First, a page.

Domestic Manners of the Americans

When Fanny Trollope set sail for America in 1827 with hopes of joining a Utopian community of emancipated slaves, she took with her three of her children and a young French artist, leaving behind her son Anthony, growing debts and a husband going slowly mad from mercury poisoning But what followed was a tragicomedy of illness, scandal and failed business ventures NeverthWhen Fanny Trollope set sail for America in 1827 with hopes of joining a Utopian community of emancipated slaves, she took with her three of her children and a young French artist, leaving behind her son Anthony, growing debts and a husband going slowly mad from mercury poisoning But what followed was a tragicomedy of illness, scandal and failed business ventures Nevertheless, on her return to England Fanny turned her misfortunes into a remarkable book A masterpiece of nineteenth century travel writing, Domestic Manners of the Americans is a vivid and hugely witty satirical account of a nation and was a sensation on both sides of the Atlantic.
Domestic Manners of the Americans When Fanny Trollope set sail for America in with hopes of joining a Utopian community of emancipated slaves she took with her three of her children and a young French artist leaving behind her

  • Title: Domestic Manners of the Americans
  • Author: Frances Trollope Pamela Neville-Singleton
  • ISBN: 9780140435610
  • Page: 385
  • Format: Paperback
  • 1 thought on “Domestic Manners of the Americans”

    1. This travel book, by a sharp-eyed Englishwoman who wrote almost two centuries ago, not only shows us a young America which has changed greatly, but also reveals an archetypal American citizen who has changed much less than the country itself.In 1827, her husband's law practice having failed, Frances Trollope set sail for the mouth of the Mississippi with three of her six children, hoping to relieve the pressure of family debt either by communal refuge or commercial enterprise. She quickly abando [...]

    2. Fanny Trollope was Anthony Trollope's mother, an author and intellectual in her own right. This book annoyed half of the US because of her attitudes towards slavery, annoyed the rest of it because of her attitude towards everything else, and judging by the reviews, there are still a lot of Americans really annoyed by this book. I have to read it!Moved to Put To One Side For Now shelf owing to the extremely annoying nature of Fanny Trollope. I tried reading it, not good, tried Librivox, much wors [...]

    3. Frances Trollope was, as Mark Twain put it, "handsomely cursed and reviled by this nation." Yet she did no more than tell the truth as she knew it. Dame Trollope came from England in 1827 to make her fortune by opening a department store on the American frontier. She settled in the booming town of Cincinnatti, Ohio, then with a population of 20,000, where she thought a fortune could easily be made. Failing to see the real needs of the settlers she didn't yet know, she did not make that fortune a [...]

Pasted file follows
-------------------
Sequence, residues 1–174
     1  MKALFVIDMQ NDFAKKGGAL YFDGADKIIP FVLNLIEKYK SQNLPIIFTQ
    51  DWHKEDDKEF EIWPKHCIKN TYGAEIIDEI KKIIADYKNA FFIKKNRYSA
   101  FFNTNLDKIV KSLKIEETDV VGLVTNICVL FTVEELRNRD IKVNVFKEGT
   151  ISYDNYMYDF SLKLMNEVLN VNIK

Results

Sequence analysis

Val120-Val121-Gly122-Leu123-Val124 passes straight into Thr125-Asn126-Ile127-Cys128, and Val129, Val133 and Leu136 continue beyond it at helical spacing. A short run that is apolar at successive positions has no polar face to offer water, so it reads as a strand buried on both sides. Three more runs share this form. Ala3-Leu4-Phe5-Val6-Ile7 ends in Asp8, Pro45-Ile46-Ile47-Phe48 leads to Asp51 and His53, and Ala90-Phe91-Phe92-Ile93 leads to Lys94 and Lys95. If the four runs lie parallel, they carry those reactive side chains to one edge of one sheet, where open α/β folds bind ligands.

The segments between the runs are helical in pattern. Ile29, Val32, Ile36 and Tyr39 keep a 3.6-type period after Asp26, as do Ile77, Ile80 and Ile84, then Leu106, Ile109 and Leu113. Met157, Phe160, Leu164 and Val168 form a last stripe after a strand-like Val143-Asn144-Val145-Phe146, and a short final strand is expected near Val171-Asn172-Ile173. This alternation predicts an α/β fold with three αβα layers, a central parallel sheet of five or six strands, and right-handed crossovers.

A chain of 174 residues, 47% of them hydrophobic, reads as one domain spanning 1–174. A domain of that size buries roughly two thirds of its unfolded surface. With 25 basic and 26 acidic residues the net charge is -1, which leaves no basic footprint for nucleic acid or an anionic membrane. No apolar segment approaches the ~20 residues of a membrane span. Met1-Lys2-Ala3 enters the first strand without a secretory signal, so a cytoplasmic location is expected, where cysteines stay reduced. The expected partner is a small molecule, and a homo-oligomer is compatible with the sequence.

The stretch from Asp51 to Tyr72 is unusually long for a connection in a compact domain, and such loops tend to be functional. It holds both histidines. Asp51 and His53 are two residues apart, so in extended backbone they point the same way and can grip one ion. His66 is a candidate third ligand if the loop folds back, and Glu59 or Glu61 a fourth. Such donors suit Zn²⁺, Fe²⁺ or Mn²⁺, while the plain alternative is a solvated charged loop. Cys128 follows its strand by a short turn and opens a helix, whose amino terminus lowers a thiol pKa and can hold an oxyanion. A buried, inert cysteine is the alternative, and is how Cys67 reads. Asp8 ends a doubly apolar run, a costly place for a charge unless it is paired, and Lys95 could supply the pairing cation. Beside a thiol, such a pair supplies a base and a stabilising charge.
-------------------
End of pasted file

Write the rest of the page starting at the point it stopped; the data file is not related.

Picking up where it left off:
4. There are times when Frances Trollope seems just too prissy – offended by the easy (over)familiarity of her rough American neighbours. ‘Mohawk, as our little village was called, gave us an excellent opportunity of comparing the peasants of the United States with those of England’ – we are not now accustomed to considering Americans of any age as ‘peasants’. One can imagine the Americans that she met considering her stand-offish and typical of the English from which they had sundered [...]

    5. "I never beheld a scene so utterly desolate as this entrance of the Mississippi. Had Dante seen it, he might have drawn images of another Bolgia from its horrors. One only object rears itself above the eddying waters; this is the mast of a vessel long since wrecked in attempting to cross the bar, and it still stands, a dismal witness of the destruction that has been, and a boding prophet of that which is to come."Domestic Manners of the Americans is a wonderful travel book, that samples the mood [...]

    6. Frances Trollope (mother of the novelist Anthony) ventures from England to Cincinnati in 1829 and spends a few years trying to make her fortune as the proprietor of an emporium (unsuccessful), along the way describing the domestic manners of the Americans.They’re none too good. Lots of spitting. Prudish separation of the sexes, and no sophisticated conversation anywhere. Hogs in the streets. Impossible to keep a reliable servant. And, of course, there’s the problem of slavery: “But it is i [...]

    7. This cheerfully impertinent book is a travel diary of Frances Trollope, mother of the novelist Anthony Trollope, during her travels in the United States in the late 1820s. While tart and condescending, it is also an interesting document about the early republic, filled with descriptions of towns, customs, manners, and politics.Mrs. Trollope had no love for America and its rough, democratic citizens, although she made some shrewd observations. She was repulsed by the institution of slavery, and h [...]

    8. I loved this book. It really gave me an insight into the roots of our culture. And make no mistake: this woman is spot-on. And she's still spot-on.The problem and the thing that makes it a one of a kind gem is that it's told by an Englishwoman. The conceit that makes Trollope ridiculous is the idea that after leaving England, we would automatically want to be just like them. We'd travel in ships for months, fight the natives, make roads, FIGHT THEM OFF etc, and set up another England. And we wou [...]